Gerald M. Pinciss. Forbidden Matter: Religion in the Drama of Shakespeare and His Contemporaries. Newark: U of Delaware P, 2000. 138pp. ISBN: 0 87413 706 3.

Corinne S. Abate
Montclair State University

Abate, Corinne. "Review of Gerald M. Pinciss, Forbidden Matter: Religion in the Drama of Shakespeare and His Contemporaries." Early Modern Literary Studies 6.3 (January, 2001): 17.1-9 <URL: http://purl.oclc.org/emls/06-3/abaterev.htm>.

  1. "It is hardly surprising that religion ranked with politics as an especially sensitive topic in post-Reformation England; they were hardly separable" (14). So says Gerald Pinciss in his well-written and provocative book, Forbidden Matter: Religion in the Drama of Shakespeare and His Contemporaries. Yet despite the danger of writing on issues of religion, Shakespeare and his contemporaries continually did so. Pinciss claims that the reason is obvious: it would be a box-office draw. In other words, Shakespeare, Marlowe, Rowley, Heywood, Jonson, and Ford were giving the people what they wanted, while cleverly avoiding censure from the Office of the Master of the Revels.

  2. Each chapter of this slim volume opens with the historical context of the religious debates current when the plays were written and performed. Pinciss has carefully selected plays that represent a variety of genres: Marlowe's Dr. Faustus for tragedy, Shakespeare's Measure For Measure for "problem play," Heywood's If You Know Not Me You Know Nobody and Rowley's When You See Me You Know Me for (quasi-)historical pageants, Jonson's Bartholomew Fair for comedy, and Ford's Perkin Warbeck for chronicle history. In each discussion, Pinciss thoughtfully demonstrates that, regardless of religious stance or message, these plays were not only successful in terms of box-office crowds or numbers of printings, but that this feat was accomplished all without landing the playwrights in jail.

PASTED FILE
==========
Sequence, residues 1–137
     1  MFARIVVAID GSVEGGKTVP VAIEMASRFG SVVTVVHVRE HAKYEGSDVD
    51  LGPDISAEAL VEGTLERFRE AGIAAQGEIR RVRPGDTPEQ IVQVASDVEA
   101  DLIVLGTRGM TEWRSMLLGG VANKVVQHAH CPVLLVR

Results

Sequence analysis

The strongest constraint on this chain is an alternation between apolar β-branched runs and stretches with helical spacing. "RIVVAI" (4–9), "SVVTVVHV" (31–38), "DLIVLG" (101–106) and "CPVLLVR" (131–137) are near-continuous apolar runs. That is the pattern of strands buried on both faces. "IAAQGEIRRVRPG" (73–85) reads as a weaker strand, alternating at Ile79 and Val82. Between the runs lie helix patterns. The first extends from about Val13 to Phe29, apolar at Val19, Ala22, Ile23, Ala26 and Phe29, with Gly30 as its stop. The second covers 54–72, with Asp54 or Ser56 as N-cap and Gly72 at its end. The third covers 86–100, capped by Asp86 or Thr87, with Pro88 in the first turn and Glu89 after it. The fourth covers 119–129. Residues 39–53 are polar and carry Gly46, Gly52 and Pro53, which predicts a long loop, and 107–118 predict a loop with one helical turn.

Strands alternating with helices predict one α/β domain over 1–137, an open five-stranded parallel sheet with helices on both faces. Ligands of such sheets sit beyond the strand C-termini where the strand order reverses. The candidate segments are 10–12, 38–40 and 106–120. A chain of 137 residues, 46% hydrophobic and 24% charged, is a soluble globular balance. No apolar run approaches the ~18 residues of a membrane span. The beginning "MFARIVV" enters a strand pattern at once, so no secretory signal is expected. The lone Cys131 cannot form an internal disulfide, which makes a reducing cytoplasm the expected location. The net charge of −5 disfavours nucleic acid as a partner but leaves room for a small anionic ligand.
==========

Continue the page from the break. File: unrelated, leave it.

3. This, in fact, is another theme to Pinciss's book. While he asks the reader to examine the inherent competing religious messages of each play, this means that, by extension, Pinciss is further asking for a reconsideration of the Master of the Revels Office. Perhaps they were not staunch antagonists to acting companies as is often thought. Instead, Pinciss suggests persuasively that the Offices did more for the defense or protection of freedom in the playwrights' works than has been previously acknowledged. This is why Pinciss has chosen these particular plays for study: not only do each of them reflect the various religious orthodoxies of the time, but each playwright accomplished this task without drawing the wrath of the Master of the Revels.